Our young members in the Cycling Southland Wheelers group had their picture taken alongside one of the legends of New Zealand cycling recently and even though they had no idea who he was, they were encouraged to mention the name Warwick Dalton to their grandparents next time they saw them – and watch for a reaction.
Warwick was in Invercargill recently to attend a funeral and still speaks volumes of his times in Southland during his outstanding career. He was extremely impressed with seeing the young Wednesday Wheelers in action and pleased to see that the future of the sport in Southland was alive and well.
Warwick Dalton – the Cyclist
Warwick Dalton became a household name in Southland during the late 1950’s and 60’s with his superb riding abilities on both track and road. Warwick’s Coach recommended to him that he come to Southland to train and race, because of the Kew Bowl facility and the type of racing that was offered in Southland. Regularly, the Kew Bowl facility in South Invercargill was packed with spectators who had come for one reason – to see the legendary Warwick Dalton compete against the best that New Zealand, Australia and other countries could offer – and win. It was not uncommon to have up to 3000 people lining the Kew Bowl track to watch the exciting action that he provided. Dalton, arguably New Zealand’s greatest all-round amateur cyclist, dominated cycling in New Zealand in the late 50’s and early 60s’ winning a wide range of events from the gruelling 1000m time trial event through to multi-stage road events such as the Dulux Tour of the North Island and the Tour of Southland, the latter an event that he won on three occasions, firstly in 1959 as a 22 year-old, again in 1961 and 1969. In his earlier career, Dalton crossed the globe and achieved remarkable results against the best amateur riders of Britain and Europe, including riding the Milk Race Tour of Britain which he won in 1961 and was prominently placed on many other occasions. In the prime of his career he switched to the professional ranks and despite being offered a contract in France, Dalton chose to base himself in Australia.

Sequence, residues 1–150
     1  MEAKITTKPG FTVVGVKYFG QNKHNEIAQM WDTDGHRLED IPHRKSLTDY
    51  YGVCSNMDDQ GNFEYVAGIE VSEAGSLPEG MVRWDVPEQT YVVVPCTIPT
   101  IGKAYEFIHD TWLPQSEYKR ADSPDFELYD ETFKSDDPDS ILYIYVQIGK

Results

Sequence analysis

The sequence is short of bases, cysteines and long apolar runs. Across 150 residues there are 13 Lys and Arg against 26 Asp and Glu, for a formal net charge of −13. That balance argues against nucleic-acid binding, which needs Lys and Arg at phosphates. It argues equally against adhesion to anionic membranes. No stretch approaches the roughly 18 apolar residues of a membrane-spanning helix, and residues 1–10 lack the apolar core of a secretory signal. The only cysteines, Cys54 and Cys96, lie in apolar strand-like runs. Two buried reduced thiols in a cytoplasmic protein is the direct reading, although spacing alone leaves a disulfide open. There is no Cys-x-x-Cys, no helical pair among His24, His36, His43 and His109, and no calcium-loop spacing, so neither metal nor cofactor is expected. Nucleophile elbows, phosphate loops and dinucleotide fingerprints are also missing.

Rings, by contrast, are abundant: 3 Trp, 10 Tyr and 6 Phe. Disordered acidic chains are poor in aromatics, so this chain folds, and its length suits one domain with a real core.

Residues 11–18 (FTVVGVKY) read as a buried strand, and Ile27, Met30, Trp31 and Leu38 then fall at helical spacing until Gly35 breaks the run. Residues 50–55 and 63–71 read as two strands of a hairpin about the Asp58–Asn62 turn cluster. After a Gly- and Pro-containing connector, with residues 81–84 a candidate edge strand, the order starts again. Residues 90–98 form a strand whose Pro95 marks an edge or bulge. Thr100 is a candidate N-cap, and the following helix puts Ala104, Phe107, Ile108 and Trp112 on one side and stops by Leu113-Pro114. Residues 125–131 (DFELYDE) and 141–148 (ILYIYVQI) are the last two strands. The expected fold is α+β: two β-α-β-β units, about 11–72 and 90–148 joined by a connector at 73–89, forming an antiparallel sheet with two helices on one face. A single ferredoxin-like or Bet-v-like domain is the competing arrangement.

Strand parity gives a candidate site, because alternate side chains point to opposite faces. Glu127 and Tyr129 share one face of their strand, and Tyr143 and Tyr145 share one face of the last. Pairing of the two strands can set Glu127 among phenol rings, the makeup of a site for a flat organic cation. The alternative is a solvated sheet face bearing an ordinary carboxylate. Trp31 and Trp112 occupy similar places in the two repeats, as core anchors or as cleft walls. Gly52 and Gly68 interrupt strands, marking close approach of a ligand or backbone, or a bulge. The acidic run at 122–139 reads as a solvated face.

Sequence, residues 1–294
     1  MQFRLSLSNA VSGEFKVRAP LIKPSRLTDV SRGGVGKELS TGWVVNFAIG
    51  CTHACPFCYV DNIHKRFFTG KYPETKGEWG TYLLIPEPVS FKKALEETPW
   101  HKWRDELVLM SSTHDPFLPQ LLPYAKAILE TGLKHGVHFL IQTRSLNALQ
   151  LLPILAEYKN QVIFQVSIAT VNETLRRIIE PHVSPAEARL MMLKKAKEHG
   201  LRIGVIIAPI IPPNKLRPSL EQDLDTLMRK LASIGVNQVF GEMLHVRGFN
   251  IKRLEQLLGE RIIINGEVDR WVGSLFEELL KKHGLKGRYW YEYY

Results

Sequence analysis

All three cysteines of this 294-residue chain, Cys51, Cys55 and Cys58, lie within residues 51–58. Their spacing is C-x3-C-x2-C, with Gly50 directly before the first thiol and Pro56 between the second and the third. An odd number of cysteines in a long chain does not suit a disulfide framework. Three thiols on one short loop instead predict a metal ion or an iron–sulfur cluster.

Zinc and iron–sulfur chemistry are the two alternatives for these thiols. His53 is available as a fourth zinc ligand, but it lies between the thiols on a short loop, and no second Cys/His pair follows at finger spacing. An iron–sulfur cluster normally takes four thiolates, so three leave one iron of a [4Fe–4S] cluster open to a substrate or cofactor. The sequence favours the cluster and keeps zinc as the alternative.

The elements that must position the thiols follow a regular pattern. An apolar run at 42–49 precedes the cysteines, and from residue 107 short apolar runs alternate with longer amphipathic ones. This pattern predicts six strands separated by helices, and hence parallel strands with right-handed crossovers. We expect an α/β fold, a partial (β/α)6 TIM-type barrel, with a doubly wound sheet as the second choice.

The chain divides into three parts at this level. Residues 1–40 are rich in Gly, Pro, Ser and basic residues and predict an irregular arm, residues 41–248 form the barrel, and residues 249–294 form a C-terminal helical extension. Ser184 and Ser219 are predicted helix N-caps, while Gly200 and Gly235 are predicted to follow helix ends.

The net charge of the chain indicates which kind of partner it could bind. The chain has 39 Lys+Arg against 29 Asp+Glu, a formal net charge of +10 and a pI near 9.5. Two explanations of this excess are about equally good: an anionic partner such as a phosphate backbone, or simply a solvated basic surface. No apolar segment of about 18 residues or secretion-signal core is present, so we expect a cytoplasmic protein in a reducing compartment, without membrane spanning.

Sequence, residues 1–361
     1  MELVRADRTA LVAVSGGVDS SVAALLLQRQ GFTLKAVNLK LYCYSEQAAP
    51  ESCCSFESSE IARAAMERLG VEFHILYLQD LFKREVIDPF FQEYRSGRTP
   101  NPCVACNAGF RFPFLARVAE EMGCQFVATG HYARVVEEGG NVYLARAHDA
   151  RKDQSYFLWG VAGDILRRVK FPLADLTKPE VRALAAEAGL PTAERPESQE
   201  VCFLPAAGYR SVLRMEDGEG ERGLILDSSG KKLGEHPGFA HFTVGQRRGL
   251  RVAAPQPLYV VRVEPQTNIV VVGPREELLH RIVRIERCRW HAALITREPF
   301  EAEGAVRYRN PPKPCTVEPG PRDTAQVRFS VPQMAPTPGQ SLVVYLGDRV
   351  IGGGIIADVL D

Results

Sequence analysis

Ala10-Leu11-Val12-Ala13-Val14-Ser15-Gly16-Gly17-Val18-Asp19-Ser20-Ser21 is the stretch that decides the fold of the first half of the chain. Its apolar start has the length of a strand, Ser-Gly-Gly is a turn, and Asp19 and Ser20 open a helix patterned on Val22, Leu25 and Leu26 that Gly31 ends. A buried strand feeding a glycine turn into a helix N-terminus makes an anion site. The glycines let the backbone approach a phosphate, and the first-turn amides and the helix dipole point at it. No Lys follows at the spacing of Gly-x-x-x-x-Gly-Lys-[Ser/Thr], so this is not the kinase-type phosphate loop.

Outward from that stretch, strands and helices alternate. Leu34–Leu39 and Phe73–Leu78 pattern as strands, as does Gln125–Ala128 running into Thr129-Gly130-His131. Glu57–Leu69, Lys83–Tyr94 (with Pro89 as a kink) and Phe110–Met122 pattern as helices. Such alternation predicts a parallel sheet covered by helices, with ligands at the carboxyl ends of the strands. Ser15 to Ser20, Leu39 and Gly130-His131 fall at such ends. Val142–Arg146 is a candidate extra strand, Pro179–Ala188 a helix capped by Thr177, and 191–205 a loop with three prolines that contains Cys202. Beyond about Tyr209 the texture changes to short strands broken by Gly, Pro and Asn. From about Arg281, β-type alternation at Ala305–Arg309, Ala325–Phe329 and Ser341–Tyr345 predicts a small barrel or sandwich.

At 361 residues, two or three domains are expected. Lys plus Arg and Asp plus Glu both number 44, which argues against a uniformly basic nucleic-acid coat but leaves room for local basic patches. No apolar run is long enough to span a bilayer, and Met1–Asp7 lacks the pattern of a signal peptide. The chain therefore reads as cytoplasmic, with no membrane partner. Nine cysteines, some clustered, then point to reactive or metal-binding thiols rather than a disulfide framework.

During his illustrious career, Dalton represented New Zealand at the 1956 Melbourne Olympics, the 1958 Commonwealth Games in Cardiff, Wales (bronze medals in the 1km time trial and 4000m team pursuit) and the Rome Olympics in 1960. Dalton also won the Australian Road title in 1963.
At the ripe young age of 71, the cycling legend rounded off an outstanding career by winning the UCI Masters World Champion Points Race in Sydney 2008.
“It is an absolute pleasure to come back to Southland, a province that embraced me and assisted greatly with my career. I keep reminding my many cycling colleagues that Southland was responsible for the great things that are happening in our sport currently. They (Southland) got off their backsides and built New Zealand’s first indoor cycling facility – an amazing feat for a small but enthusiastic region.” Warwick Dalton.